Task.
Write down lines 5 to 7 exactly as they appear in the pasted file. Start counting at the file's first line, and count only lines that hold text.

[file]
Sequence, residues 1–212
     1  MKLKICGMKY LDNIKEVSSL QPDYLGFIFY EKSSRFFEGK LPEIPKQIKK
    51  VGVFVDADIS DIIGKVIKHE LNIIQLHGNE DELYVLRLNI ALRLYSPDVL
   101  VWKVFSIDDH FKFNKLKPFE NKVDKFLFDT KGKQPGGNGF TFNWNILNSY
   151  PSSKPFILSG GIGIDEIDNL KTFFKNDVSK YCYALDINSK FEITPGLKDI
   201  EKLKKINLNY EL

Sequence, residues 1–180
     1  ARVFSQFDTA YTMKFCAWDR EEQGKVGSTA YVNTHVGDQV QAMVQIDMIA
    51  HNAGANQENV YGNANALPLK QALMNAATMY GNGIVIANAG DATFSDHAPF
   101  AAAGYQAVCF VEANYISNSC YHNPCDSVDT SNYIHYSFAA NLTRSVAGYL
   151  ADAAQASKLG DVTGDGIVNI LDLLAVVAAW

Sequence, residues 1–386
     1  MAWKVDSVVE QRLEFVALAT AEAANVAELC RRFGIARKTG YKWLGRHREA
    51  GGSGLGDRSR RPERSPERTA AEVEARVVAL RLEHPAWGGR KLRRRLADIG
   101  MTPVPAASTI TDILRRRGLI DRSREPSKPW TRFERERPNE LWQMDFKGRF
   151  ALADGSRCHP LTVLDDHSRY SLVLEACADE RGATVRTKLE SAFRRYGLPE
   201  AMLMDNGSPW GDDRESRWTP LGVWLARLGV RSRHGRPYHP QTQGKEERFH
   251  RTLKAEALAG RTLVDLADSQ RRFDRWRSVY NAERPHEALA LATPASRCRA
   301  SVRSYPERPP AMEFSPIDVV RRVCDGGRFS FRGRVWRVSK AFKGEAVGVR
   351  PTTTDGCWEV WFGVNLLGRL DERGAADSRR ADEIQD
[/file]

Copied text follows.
   151  PSSKPFILSG GIGIDEIDNL KTFFKNDVSK YCYALDINSK FEITPGLKDI
   201  EKLKKINLNY EL

Sequence, residues 1–180